Aaron Katz, Principal Lecturer Emeritus, UW School of Public Health:

“Increasing Medicaid provider rates is an important strategy to improve access to care but finding the estimated $271 million needed in State funds in 2023 will be no small order. The State has contracted with managed care companies for more than 40 years, and it’s well past time to evaluate whether this model is producing what we need and want: efficient, effective, quality, people-centered care in which the State retains financial responsibility.  I urge the Commission to push for such an analysis, as well as an analysis of whether the State should continue to use the current expensive value-based payment model” 

Andrea Caupain Sanderson, CEO of Byrd Barr Place:

Providers and hospitals routinely treat patients differently, based on their insurance type or lack of insurance. Our healthcare system has been this inequitable two-tier system:  Medicare with a significantly higher reimbursement rate than Medicaid, the program for low- and modest-income people, and highly utilized by black Washingtonians. In 2019, Medicaid reimbursement rates in Washington State were 23% less than the rate for similar Medicare services leading many doctors to turn Medicaid patients away.

Roi Martin Brown, board member of WA CAN: “Providers often lose money when they serve Medicaid patients as a result of low reimbursement rates. This has severe negative consequences for healthcare access and BIPOC communities were simultaneously at greater risk due to environmental lead toxicity. Washington needs a truly single payer healthcare system that is more transparent with consistent fee schedules for providers and healthcare budgets that eliminate the extensive administrative costs of managed care. In fact, when Connecticut eliminated capitated managed care from its Medicaid program in 2012, the very next year the State saw a marked increase in provider participation and a decrease in emergency department business.” 

Takeaway #3 –  The Financial Technical Advisory Committee (FTAC) was established by vote of the Commissioners, for the purpose of providing financial guidance and options to the Commission on a broad range of system design topics: benefits, provider reimbursement, administrative costs, workforce needs, tax structure, Federal funding, etc.   HCFA-WA’s system-design framework outlined in our Washington Health Security Trust bill could help the FTAC organize its overwhelming scope of work into manageable segments.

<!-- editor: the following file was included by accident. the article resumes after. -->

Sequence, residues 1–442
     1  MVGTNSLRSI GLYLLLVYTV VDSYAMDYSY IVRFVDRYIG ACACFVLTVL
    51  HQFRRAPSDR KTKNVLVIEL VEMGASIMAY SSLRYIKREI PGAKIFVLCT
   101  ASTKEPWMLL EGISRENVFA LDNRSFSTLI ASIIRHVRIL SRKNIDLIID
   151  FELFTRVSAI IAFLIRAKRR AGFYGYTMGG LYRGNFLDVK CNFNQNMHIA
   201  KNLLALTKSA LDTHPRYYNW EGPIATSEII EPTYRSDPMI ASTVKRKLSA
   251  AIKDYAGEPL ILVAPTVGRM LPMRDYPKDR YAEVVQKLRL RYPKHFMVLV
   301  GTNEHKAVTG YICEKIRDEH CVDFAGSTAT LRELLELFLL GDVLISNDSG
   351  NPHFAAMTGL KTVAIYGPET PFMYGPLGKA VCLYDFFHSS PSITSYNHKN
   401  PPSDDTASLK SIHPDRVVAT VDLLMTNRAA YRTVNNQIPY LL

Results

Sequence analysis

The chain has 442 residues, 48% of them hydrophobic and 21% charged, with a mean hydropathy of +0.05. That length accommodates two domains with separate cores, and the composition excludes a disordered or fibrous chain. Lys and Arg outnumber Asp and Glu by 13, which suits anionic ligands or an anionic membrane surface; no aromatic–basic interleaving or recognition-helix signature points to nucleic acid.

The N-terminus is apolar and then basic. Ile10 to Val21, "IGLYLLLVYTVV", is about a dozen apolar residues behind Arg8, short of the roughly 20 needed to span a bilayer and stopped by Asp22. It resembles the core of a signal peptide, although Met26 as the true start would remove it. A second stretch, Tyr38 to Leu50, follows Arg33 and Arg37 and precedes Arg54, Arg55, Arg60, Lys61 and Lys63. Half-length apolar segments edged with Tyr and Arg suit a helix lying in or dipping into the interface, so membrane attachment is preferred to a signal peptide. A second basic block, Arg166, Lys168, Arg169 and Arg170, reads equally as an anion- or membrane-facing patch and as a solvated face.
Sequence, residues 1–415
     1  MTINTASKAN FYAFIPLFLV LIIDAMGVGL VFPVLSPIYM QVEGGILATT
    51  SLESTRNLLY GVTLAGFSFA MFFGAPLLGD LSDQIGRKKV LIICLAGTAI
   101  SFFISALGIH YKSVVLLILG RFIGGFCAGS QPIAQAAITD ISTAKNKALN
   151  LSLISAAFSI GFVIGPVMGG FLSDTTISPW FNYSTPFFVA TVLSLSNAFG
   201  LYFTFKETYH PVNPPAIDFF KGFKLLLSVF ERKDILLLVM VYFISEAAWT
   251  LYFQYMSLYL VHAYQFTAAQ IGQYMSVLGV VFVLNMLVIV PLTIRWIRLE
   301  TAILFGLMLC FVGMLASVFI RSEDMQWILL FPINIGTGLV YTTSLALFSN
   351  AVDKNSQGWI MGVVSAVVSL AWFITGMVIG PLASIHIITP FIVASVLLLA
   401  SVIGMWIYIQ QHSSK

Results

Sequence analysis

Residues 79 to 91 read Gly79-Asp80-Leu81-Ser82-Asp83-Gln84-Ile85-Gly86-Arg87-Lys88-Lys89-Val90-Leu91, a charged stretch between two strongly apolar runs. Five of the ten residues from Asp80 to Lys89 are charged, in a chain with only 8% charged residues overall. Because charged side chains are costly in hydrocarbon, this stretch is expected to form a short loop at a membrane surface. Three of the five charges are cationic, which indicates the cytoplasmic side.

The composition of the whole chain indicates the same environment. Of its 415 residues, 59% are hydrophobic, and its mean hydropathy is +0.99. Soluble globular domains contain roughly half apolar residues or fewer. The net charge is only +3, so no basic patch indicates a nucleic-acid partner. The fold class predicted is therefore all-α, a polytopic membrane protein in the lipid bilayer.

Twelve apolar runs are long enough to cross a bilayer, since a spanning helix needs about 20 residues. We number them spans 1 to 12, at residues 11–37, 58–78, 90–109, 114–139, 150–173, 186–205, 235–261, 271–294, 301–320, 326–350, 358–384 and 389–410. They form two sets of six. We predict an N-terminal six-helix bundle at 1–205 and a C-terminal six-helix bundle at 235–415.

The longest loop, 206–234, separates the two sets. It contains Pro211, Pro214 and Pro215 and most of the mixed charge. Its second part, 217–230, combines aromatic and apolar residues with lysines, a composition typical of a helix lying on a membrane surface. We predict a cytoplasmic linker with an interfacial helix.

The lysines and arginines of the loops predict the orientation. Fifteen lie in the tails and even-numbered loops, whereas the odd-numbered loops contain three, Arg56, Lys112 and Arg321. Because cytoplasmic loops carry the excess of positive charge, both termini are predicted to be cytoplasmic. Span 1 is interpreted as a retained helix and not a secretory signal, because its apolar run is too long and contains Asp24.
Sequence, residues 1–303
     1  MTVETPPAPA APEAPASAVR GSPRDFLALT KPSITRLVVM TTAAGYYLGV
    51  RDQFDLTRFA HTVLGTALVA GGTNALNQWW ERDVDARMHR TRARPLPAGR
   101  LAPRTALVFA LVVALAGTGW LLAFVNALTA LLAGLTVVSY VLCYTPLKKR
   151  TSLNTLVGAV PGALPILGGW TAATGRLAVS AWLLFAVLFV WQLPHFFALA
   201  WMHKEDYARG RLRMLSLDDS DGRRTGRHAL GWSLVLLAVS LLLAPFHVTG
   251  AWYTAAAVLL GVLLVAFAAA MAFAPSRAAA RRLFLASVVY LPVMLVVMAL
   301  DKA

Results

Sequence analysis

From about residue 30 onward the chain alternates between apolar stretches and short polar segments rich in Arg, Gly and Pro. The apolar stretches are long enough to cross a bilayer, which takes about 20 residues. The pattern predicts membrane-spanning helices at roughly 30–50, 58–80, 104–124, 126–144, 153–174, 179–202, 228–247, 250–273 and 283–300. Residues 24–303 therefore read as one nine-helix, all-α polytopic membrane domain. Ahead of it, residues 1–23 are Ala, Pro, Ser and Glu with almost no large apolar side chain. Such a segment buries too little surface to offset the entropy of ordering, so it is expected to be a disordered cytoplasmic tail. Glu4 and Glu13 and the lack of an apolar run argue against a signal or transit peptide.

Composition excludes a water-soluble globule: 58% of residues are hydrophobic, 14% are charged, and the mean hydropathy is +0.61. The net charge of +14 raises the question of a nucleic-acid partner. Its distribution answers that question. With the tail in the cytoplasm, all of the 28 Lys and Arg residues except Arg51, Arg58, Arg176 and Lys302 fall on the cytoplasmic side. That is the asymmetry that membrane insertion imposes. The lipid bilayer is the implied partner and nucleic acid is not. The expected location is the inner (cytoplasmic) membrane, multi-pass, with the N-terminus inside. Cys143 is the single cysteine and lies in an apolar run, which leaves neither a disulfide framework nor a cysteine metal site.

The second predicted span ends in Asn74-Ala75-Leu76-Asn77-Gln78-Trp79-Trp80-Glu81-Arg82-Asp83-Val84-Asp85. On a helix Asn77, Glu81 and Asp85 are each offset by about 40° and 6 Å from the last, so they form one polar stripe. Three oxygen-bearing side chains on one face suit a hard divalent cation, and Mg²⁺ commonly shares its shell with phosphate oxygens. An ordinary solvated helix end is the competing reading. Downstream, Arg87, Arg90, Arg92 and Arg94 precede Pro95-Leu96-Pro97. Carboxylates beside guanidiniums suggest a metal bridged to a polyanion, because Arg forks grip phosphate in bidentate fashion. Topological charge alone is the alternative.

Takeaway #4 – Measures supporting progress toward universal coverage while the actual system is being designed include:

  • Align State-run programs, public programs, Medicaid Exchange, Public Employees Benefit Board and State Employees Benefit Board to the greatest extent possible with respect to benefits, quality standards, networks, and payment structures.
  • Increase affordability and access to the Exchange’s Qualified Health Plans to expand them to the currently uninsured, a step toward achieving health equity
  • Implement an integrated eligibility and enrollment system
  • Initiate Federal discussions on options

The complete record of Meeting #7 can be found when you:

Watch the meeting recording

Read the meeting materials (8/16/2022)

Sign up to receive announcements of future meetings in your own inbox

At their Oct. 13th meeting, the Commissioners will review and approve the Full Report with the changes that have been made throughout the past 7 meetings.  

Got comments for that Oct. 13th meeting? Sign up here by 5 p.m. on Oct. 12th.  Written comments can be submitted anytime, but if you want them to be included in the Agenda Packet for Oct. 13th, email them to the Commission here by 5 p.m. on Sept. 29th.